Sunday 31 January 2010

A Country of Working Poor

The Secretary-General of the Organisation of Economic Cooperation and Development (OECD), Mr. Angel Gurria, recently visited Israel as part of Israel's application process to join the organisation. During his visit he issued a report regarding the current state of Israel's economy, and improvements that need to be made to bring Israel into line with other OECD member nations.

I was very surprised to discover that, when Israel joins the OECD, it will be the poorest member country of the OECD. A statistic that was quoted is that 20% of Israel's population is more than twice as poor as the average citizen of the OECD. For me, these statistics were surprising and somewhat frightening. I have always viewed Israel as an economically developed country. Israel has an average GDP (Gross Domestic Product) per capita of more than $28,000 per year which places it 36th on a list of over 200 countries around the world. Somehow, this does not seem the same country that will be the poorest in the OECD when Israel is admitted, hopefully later this year.

This seeming inconsistency has forced me to think a little more about the Israeli economic reality. There can be no doubt that, economically, Israel has produced a miracle in achieving all that it has in the short space of 62 years since independence. In 1948, Israel was a backward, small, underdeveloped country with no economy to speak of. It was reliant upon funding from the Jewish Diaspora and other sources of income from abroad for even the most basic requirements. During the last 62 years , Israel has developed a sophisticated banking and economic infrastructure including sectors and companies that are at the leading edge of their respective fields, and highly sought after around the world. All of this has been achieved while being forced to spend tens, and even hundreds of millions of Dollars on defence and security just to keep the state alive.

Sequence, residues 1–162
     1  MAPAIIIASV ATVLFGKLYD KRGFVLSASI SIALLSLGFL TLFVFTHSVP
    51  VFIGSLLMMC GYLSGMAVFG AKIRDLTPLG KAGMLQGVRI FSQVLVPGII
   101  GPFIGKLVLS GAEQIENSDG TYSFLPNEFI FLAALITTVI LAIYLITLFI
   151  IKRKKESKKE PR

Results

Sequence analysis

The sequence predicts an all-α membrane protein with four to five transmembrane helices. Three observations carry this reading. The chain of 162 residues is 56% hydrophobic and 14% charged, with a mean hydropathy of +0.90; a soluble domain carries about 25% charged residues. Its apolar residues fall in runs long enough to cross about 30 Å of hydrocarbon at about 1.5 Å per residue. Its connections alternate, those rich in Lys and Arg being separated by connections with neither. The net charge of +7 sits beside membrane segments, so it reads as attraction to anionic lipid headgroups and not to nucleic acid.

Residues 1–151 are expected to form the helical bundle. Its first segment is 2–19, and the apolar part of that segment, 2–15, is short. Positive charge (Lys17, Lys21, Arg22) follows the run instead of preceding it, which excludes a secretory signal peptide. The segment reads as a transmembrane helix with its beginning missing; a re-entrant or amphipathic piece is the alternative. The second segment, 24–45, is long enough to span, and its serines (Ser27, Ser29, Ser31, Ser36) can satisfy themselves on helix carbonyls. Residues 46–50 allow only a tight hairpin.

On the other hand, there are many in Israel who find making a living an impossible task. The fact that more than half of the work force is paid less than NIS 4,000 (a little more than US$1,000) per month is a frightening statistic. In certain social segments, more than 60% of citizens are living below the poverty line. These are numbers that cannot, and should not, be tolerated in a developed modern society. So even if the average GDP is highly respectable, this average hides a very nasty and important piece of information which is size of the gap between the rich and poor. It is true that the gap between rich and poor is expanding in most countries, and Israel is no exception. The problem is that Israel seems to have a much wider gap, and a much more urgent need to address the problem.

It is a well-known fact that making a living in Israel is harder than in many other countries. This is partially because of the Middle Eastern culture which is very obvious in the business and work environment. Things that are taken for granted in the western countries, from which many of us hail, are not necessarily regarded as normal behaviour in Israel. Add to that the highly bureaucratic way of doing things and the fact that each and every action requires lengthy negotiations and explanations, to contribute to a highly frustrating atmosphere. The punitive tax regime is also well-known, with Israel appearing 34th on a list of those countries having the highest tax burdens. The defence spending, it seems, is being financed by the average worker. A joke which is often told by new immigrants to Israel turns out to be true: How do you make a small fortune in Israel? Arrive with a big fortune !